What is millet?

20 Apr 2021 • 1 min read


Searching for a grain that’s full of goodness, cheap and easy to sneak into various dishes? Consider adding millet to your next shopping list...

First things first, what is millet?

Millet is a cereal that belongs to the grass family. It’s grown all around the world, but especially in Asia and Africa. In fact, it’s actually one of the oldest cereals to be cultivated!1

While it’s classified as a type of seed, millet can be used in place of whole grains such as quinoa and brown rice in cooking. Pearl millet is the most popular and has brilliant nutritional value, but various types are available.

Millet is small and round in shape. When cooked, it goes soft and fluffy. Wondering what it tastes like? Many people compare it to corn yet with a slightly nuttier flavour. It’s also great at absorbing the flavours of sauces and dressings.2

Millet nutrition profile

Millet is a starchy grain and a great source of energy thank to its high carbohydrate profile. When it comes to nutrition, millet is also:3

  • A good source of fibre and protein
  • Contains numerous vitamins and minerals, including phosphorus, iron, folate, and magnesium
  • Finger millet is one of the best cereal sources of calcium, which is needed to maintain normal bones and muscle function.

Millet also contains antioxidants. These are types of compounds which can help protect your body’s cells against harmful free radicals.4

Who is millet suitable for?

Millet is an excellent cereal for anyone to incorporate into a healthy diet. What’s more, it’s entirely gluten-free, making it suitable for celiacs.5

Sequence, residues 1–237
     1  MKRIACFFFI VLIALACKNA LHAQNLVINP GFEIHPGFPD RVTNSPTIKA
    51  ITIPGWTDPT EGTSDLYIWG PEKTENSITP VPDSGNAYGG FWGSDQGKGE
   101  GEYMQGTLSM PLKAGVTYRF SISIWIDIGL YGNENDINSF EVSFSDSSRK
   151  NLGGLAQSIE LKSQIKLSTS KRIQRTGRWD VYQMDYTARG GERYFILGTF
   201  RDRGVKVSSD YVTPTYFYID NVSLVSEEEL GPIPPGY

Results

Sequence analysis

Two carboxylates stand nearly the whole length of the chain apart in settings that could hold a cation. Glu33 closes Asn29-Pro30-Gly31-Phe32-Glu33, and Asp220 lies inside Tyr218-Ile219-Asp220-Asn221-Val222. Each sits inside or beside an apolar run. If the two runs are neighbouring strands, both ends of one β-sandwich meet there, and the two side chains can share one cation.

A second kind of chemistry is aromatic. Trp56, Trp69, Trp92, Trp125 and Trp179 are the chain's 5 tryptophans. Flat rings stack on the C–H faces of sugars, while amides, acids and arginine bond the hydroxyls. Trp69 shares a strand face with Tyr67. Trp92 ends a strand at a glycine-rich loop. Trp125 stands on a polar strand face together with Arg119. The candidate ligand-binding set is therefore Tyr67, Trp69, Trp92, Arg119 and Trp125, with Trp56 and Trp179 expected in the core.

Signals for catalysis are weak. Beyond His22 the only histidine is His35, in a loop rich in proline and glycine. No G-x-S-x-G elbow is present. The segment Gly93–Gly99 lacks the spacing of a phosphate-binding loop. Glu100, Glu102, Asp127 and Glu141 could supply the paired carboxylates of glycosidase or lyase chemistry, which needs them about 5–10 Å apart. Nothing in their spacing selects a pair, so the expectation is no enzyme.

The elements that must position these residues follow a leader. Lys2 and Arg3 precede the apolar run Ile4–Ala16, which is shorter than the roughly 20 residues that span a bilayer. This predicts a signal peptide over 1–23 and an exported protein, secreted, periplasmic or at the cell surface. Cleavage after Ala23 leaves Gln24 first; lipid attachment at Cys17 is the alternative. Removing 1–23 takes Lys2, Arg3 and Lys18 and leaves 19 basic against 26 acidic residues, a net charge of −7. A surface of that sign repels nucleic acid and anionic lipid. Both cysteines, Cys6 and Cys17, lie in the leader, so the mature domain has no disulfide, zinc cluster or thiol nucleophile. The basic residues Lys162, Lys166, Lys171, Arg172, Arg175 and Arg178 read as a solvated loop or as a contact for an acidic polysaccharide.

Millet is thought to contain small numbers of antinutrients. These are types of compounds which can inhibit your body’s absorption of certain nutrients when consumed in high amounts.6 However, as part of a balanced diet it is unlikely to experience adverse effects.

How to include more millet in your diet

Like the sound of supporting your fibre, protein, and carbohydrate intake in a healthy and gluten-free way? Mix up your whole grains by cooking up some millet and:7

  • Adding it to your porridge oats with some fresh or frozen berries
  • Using it to replace rice or noodles to accompany a veggie stir fry or curry
  • Bulking out soups or stews
  • Swapping it into salads in place of things like quinoa or couscous

You can also buy millet in flour form and use it in cookies, muffins, or bread recipes. Remember, if you’re cooking whole millet grains, the rough ratio should be one cup of millet to two cups of water. It’s also a good idea to soak it in water overnight to help reduce its levels of antinutrients.8

Shop for magnificent millet in our rice, pulses, and grains range.

Last updated: 5 April 2021



Author: Andrea DobronszkiSenior Regulatory Affairs Associate

Joined Holland & Barrett: Aug 2020

Master’s Degree in Food Science and Technology Engineering and BSc in Dietetics

Andrea started her career as a clinical dietitian and lecturer at a university hospital, managing the dietetic treatment of patients with various diseases, and giving lectures in nutrition for medical students.

Later she worked as a Product Developer at a sport nutrition company where she developed food supplements and fortified foods, and ensured that the products complied with the relevant regulations.

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